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The impact of exclusive enteral nutrition on the intestinal microbiota in inflammatory bowel disease

Andrew S Day

*Corresponding author: Andrew S Day andrew.day@otago.ac.nz

microbiology2018,4,584doi:10.3934/microbiol.2018.4.584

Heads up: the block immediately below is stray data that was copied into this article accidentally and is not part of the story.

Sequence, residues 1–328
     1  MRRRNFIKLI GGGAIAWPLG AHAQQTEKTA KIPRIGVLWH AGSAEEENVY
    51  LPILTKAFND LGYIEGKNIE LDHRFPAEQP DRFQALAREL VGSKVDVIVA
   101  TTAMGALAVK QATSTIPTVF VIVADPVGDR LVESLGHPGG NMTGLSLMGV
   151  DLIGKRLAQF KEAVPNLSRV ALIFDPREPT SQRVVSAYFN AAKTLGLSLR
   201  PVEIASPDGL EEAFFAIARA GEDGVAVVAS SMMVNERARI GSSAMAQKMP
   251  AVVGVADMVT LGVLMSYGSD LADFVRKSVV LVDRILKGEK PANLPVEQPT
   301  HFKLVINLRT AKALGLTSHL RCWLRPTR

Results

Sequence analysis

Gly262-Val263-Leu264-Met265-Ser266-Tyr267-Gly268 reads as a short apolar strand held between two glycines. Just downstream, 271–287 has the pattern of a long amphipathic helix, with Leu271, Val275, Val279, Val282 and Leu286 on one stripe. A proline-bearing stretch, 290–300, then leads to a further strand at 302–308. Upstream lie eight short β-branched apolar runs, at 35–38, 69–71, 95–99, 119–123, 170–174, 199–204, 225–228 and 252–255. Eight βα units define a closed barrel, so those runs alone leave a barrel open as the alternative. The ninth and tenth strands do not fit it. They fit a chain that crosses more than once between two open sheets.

It is increasingly clear that the intestinal microbiota plays key roles in the pathogenesis of the conditions known as Crohn disease and ulcerative colitis (jointly known as the inflammatory bowel diseases). Perturbations of the microbiota, termed dysbiosis, are present at diagnosis and likely reflect earlier environmental influences along with interactions with intestinal immune responses. Over the last two decades, there has been increasing interest in the use of a nutritional therapy to induce remission of active Crohn disease. Amongst a number of recent studies focusing on the putative mechanisms of action of enteral nutrition in Crohn disease, there have been several reports illustrating profound interactions between this nutritional therapy and the intestinal microbiota. Although at present it is still not clear how these changes relate to concurrent improvements in inflammation, it has become an area of increasing interest. This review article focuses on the impacts of nutritional therapy in individuals with active Crohn disease and overviews the most recent data arising from international studies.

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